Tom A. Peter / Al Jazeera America – 2014-04-09 01:04:36
A Woman’s War:
The Rise and Fall of Afghanistan’s Female Warlord
Tom A. Peter / Al Jazeera America
(April 6, 2014) — It was the late 1990s, at the height of the war between the Taliban and the Northern Alliance. Barren mountains loomed over the warring factions, overshadowing what little life existed on the rocky hillsides and making the afterlife that much more appealing to future martyrs. Commander Kaftar was leading a group of men opposed to the Taliban.
During this bitter standoff, a Talib commander new to the area tuned in to Kaftar’s radio frequency from his hilltop bunker. He introduced himself to his enemy: “I am Mullah Baqi and I will fuck your wife.”
Kaftar grabbed the radio and fired back, “My husband will fuck your wife.”
Confused, Mullah Baqi thought he’d heard wrong. Commander Kaftar, whose nom de guerre translates to Commander Dove, clarified that she was, in fact, a woman. The Talib had unwittingly found himself squaring off against Afghanistan’s only known female warlord.
In their next exchange, Kaftar warned him, “If you come after me and do your operations in my valley, people will laugh at you if you arrest a woman. If you come to my valley and I arrest you, then it will be bad for you.” Not wanting to suffer the humiliation of fighting a woman, or worse yet, losing to one, Mullah Baqi swore he’d never attack Commander Kaftar.
About 15 years later, this rowdy, role-defying woman is seated cross-legged at the edge of a single bed in a hotel room in Kabul. Strands of her hair, dyed jet-black, spill out from her white headscarf.
The arthritic figure is a specter of the warrior who battled Soviet forces and the Taliban. She rarely smiles and says that she’s only cried once since the start of the wars â€” when her grandchildren improperly tied her favorite horse to a tree and it slipped off a cliff and hanged itself.
Through the window of her hotel room, the contradictions of Kabul’s posh Shar-e Naw neighborhood are on display. Gaudy, multistory concrete mansions with reflective windows, built to impress but not to handle the winter’s cold or the summer’s heat, dwarf a handful of the surviving mud-brick family homes and aging buildings.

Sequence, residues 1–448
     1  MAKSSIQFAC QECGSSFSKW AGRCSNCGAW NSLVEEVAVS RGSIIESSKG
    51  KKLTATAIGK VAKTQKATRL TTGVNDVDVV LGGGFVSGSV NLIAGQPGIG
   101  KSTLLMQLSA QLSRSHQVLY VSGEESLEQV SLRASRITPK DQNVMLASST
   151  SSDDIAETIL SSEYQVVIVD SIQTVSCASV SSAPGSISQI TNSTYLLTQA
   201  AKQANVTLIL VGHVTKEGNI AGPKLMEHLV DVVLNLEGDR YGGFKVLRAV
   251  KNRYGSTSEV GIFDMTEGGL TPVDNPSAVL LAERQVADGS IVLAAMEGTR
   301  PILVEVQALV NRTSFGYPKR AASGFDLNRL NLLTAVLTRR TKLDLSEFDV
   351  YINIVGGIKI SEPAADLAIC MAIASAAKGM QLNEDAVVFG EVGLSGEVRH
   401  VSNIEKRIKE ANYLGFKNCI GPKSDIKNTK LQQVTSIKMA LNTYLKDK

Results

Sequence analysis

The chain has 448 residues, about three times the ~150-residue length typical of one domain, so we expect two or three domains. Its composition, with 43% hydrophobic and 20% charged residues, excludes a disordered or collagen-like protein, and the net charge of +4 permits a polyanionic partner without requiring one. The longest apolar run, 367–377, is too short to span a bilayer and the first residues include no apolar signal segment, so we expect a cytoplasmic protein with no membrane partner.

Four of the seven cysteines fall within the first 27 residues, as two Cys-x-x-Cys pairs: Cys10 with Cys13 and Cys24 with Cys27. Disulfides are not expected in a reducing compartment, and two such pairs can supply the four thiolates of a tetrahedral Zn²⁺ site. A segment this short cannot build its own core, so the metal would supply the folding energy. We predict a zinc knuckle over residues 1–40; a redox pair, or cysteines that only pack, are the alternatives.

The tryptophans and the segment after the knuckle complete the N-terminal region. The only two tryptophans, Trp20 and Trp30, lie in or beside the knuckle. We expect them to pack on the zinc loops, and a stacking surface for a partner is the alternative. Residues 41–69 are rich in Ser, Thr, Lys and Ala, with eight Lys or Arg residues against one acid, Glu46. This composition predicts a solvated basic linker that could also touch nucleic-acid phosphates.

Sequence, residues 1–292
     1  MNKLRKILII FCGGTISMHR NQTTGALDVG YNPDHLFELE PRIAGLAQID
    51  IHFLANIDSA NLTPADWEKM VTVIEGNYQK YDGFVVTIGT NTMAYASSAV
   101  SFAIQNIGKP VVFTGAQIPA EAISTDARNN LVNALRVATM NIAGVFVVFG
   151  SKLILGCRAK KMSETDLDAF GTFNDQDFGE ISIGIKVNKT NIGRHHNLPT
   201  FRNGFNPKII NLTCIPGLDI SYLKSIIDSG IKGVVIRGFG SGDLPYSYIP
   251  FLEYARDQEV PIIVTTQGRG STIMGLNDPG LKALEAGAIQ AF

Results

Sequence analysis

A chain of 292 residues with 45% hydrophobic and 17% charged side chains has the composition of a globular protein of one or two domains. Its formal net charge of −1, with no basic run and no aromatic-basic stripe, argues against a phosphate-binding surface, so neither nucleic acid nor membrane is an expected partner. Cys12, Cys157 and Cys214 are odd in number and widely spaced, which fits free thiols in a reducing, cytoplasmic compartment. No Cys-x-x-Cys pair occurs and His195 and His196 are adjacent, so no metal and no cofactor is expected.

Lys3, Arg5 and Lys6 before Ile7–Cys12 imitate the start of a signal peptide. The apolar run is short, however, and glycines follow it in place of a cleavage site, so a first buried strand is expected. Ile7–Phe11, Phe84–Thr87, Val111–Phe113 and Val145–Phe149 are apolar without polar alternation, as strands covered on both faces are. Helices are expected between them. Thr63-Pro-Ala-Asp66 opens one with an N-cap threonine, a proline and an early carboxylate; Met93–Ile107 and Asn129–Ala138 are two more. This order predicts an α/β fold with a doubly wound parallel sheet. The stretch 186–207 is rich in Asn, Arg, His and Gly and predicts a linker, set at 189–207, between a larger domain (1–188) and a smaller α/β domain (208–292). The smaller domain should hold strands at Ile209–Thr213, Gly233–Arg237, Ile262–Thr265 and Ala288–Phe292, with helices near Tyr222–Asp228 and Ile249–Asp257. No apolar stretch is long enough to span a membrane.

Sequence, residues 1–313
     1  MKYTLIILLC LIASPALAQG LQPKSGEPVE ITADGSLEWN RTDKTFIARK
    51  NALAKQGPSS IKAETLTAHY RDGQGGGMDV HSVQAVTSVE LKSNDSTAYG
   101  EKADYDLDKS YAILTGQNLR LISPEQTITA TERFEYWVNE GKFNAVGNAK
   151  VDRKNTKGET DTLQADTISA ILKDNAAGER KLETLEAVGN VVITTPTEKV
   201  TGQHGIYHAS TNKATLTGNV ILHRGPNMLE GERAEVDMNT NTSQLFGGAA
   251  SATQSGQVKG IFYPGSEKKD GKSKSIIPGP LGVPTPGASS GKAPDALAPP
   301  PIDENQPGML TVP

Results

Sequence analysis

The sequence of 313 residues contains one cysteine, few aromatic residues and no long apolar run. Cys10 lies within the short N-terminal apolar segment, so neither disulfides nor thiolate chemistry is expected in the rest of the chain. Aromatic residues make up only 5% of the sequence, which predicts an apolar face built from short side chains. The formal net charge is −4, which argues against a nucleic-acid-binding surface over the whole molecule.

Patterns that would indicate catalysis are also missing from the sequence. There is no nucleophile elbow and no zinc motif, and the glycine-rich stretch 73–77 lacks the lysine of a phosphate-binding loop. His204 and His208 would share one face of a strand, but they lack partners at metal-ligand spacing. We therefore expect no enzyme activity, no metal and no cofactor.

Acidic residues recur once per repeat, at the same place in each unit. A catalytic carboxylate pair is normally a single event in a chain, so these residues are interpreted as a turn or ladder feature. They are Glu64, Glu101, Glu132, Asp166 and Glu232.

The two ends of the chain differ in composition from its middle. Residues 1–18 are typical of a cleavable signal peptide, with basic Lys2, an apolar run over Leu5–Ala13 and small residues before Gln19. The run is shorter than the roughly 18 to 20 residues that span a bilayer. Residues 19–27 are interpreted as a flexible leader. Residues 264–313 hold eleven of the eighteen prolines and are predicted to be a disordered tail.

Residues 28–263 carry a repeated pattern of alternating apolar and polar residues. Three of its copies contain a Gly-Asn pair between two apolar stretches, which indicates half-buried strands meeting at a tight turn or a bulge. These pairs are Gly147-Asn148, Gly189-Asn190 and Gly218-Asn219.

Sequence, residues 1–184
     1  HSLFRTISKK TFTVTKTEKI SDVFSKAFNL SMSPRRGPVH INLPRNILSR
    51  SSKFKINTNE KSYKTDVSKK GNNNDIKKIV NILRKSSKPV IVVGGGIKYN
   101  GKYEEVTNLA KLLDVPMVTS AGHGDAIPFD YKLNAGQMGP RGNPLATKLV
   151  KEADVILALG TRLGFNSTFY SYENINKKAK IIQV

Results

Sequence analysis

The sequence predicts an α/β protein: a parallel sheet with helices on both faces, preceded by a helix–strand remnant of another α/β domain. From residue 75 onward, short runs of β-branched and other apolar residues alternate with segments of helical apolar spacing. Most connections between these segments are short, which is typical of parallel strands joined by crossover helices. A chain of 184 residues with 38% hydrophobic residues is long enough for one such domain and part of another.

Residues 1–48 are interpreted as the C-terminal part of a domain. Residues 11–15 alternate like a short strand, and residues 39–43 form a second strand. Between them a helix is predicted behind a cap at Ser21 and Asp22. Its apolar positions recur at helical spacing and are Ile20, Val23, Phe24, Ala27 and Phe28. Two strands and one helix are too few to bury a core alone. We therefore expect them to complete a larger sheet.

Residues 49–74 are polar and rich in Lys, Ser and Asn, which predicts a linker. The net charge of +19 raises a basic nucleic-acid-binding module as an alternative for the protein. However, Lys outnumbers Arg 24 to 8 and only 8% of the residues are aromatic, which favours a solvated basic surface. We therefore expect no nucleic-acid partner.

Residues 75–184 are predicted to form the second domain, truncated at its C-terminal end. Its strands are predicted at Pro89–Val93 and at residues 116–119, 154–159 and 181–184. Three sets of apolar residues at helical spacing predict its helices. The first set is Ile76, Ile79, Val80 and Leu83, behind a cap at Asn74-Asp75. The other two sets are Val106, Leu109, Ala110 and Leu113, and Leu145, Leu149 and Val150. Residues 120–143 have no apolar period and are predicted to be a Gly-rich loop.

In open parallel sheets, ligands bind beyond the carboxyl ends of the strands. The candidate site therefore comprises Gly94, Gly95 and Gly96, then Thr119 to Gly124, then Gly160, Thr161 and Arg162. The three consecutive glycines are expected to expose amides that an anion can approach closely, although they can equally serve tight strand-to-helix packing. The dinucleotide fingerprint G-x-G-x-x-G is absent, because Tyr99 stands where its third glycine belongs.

Among foreigners, these mansions are known as “poppy palaces,” a reference to the countless Afghans who flaunt riches acquired from trading the narcotic plant.
But Kaftar keeps the curtains drawn and has little interest in the world outside her window. In a life that has spanned 61 years in one of the most repressive countries for women, she rose to become a respected community leader and to lead hundreds of men into battle. But war and time have changed her country in ways that make it difficult to understand the purpose of her life’s work.
Since 2001, a number of Afghan women have entered the political sphere. The Afghan constitution stipulates that women make up a fifth of those seated in parliament. Politicians such as Sharika Barkazai and Fawzia Koofi have managed to make a name for themselves. Activists such as Sima Simar have also thrived, taking advantage of foreign funding to undertake a number of women’s projects.
“Now the days of force are gone,” says Nadera Nahrinwal, a young, aspiring politician competing for a seat on Baghlan’s provincial council in this month’s elections and a close friend of Kaftar’s. “Women can run for office. This is a kind of freedom.”
Under NATO’s guidance, the Afghan security forces have created positions for female recruits. The Soviet Union also enlisted Afghan women to serve in security forces loyal to the communist government.
Famously, Latifa Nabizada became a helicopter pilot and Khatool Mohammadzai joined the paratroopers in the Soviet-allied military. Today, Nabizada and Mohammadzai are still a part of the national military, which is now allied with American and NATO forces.
Most of these opportunities, however, reach only women who live in major cities.
What sets Commander Kaftar apart is not simply that she’s an Afghan woman turned militia leader. It’s that she achieved this independent of any outside influence, in rural Afghanistan, where women face the least possible amount of social mobility. And yet having established no clear precedent to help the next generation of women and without a skill set to remain relevant in today’s Afghanistan, Commander Kaftar’s life often seems most like a flash of lightning. An extraordinary moment in time to those who witnessed it, but ultimately lost as unharnessed energy.
2. The Education of a Female Warlord
Commander Kaftar started her life as Bibi Aisha Habibi, the daughter of Haji Dawlat, a prominent arbob, or community leader, in the village of Gawi in Baghlan province’s Nahrin District in northern Afghanistan.
As a whole, the province has remained on the fringes of Afghan history. The majority of residents, past and present, make their living farming land that is overwhelmingly brown, an entire stretch of hills and valleys God created but forgot to water.